A new recording of Henrik Ibsen's masterpiece, starring Calista Flockhart. Nora Helmer has everything a young housewife could want: beautiful children, an adoring husband, and a bright future. But when a carelessly buried secret rises from the past, Nora's well-calibrated domestic ideal starts to crumble. Ibsen's play is as fresh today as it was when it first stormed the stages of 19th-century Europe.
An L.A. Theatre Works full-cast performance featuring: Calista Flockhart as Nora Helmer; Tony Abatemarco as Dr. Rank; Tim Dekay as Torvald Helmer; Jeannie Elias as Anne-Marie and Helene; Gregory Itzin as Nils Krogstad; Jobeth Williams as Mrs. Linde. Translated by Rolf Fjelde. Directed by Rosalind Ayres. Recorded before a live audience at the James Bridges Theater at UCLA School of Theater, Film, and Television.
©2011 L.A. Theatre Works (P)2011 L.A. Theatre Works
Great performance of a classic. I've heard about it for years but never seen the play. Betty Friedan references it in The Feminine Mystique, so that reminded me to get A Doll House. I'm so glad I did. It's not just for feminists, so don't let that idea fool you. It's just good.
Married to a Presbyterian Pastor - 4 grand children - just returned from a mission trip to Russia - Career - Interior designer
I listened to this because it is one of my granddaughter's favorite. I can't say it is one of mine but my granddaughter thought it was thought provoking. She is 17 years of age.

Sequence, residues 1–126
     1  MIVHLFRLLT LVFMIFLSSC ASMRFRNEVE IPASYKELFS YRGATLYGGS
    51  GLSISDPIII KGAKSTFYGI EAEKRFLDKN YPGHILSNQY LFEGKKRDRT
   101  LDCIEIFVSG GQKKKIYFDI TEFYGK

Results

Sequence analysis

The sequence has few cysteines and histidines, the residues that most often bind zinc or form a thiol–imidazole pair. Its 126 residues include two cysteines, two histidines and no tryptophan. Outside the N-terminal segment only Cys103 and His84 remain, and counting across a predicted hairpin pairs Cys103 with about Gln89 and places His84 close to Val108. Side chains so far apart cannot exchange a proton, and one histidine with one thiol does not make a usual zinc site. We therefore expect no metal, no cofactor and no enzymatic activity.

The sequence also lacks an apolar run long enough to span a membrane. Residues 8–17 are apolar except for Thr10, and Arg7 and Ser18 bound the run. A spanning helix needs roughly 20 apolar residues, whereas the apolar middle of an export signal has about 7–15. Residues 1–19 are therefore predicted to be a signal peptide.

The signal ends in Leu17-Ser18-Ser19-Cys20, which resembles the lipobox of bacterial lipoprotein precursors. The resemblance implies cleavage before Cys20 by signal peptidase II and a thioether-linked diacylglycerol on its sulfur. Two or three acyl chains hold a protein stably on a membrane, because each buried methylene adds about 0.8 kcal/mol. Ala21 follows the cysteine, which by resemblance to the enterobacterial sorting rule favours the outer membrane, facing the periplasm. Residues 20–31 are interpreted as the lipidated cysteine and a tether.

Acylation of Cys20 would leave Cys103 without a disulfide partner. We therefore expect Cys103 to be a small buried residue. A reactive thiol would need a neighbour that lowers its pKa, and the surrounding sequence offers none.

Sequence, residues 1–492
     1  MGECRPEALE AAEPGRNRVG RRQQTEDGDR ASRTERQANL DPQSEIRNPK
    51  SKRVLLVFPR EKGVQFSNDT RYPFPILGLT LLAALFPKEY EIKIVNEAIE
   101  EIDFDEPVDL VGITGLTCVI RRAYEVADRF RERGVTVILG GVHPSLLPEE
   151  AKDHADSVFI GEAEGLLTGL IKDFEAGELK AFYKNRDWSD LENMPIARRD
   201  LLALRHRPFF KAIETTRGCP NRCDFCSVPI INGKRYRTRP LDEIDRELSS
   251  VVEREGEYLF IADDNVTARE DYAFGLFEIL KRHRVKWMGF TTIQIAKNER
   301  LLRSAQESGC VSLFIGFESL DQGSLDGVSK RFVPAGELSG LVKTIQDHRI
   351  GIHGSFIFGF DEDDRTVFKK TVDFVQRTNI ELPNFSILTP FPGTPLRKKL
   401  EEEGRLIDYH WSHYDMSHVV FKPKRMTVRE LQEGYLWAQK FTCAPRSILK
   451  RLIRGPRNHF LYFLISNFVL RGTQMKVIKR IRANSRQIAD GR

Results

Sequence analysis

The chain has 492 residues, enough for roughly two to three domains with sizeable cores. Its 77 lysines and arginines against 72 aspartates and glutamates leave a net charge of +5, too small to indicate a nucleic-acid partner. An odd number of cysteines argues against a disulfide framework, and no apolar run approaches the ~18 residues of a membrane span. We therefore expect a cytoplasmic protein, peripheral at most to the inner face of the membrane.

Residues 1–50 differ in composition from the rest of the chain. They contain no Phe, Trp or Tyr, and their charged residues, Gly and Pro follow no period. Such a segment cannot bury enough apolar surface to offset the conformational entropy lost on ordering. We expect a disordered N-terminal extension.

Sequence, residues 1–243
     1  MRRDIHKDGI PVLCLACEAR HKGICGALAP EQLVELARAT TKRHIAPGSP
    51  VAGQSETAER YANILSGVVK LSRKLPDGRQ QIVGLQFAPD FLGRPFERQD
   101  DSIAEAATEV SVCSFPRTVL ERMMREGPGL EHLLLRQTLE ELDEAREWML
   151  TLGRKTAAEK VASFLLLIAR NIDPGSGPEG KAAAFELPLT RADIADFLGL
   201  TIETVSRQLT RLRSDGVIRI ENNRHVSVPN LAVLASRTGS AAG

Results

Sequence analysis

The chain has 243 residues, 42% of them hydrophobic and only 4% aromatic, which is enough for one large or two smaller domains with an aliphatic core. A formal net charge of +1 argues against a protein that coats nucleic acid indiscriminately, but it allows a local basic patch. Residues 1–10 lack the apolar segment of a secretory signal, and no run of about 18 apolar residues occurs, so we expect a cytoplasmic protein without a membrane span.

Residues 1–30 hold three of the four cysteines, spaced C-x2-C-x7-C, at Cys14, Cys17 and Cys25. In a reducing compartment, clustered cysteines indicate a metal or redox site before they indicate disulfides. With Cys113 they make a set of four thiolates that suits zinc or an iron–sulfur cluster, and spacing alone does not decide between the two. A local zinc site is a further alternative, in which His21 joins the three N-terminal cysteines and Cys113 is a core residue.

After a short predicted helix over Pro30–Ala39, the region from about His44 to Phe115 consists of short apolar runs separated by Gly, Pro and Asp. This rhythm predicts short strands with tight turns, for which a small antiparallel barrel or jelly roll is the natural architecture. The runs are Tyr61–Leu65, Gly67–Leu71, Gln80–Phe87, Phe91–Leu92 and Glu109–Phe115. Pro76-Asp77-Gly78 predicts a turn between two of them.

The end brings it all together!
The morality of the characters was intriguing. The end of the book reveals the actual plot and is a complete surprise….I totally love that my granddaughter got it. She realized the deeper meaning of consequences for all behavior. The protagonist' character flaws are artfully presented through the writings in "A Doll House."
This was an excellent performance, but the recording does not match the text of the play in my book. This is a problem because I'm a teacher and would have liked to use the recording to support instruction in class.
"Superfical wife, superficial controlling husband"
No. The couple are as superficial as each other. He is (amoung other things) a control freak, she is a kept woman obsessed with beauty and money. Realization dawns and she leaves. The story ends without addressing child custody, where she would go and what on earth she will do.
No. I didn't mind it, but not sure who would want to hear the play. You are excluded from a little bit of humour relying on sound effects. The door slamming could have been a gun-shot from as he commits suicide. You don't know if the children where with her or left behind, from what you pick up, the later probably.
No, but I would try more dramatized audios.
From an entertainment point of view and at the price the audio was enjoyable. The cast sound like they put on a good show.
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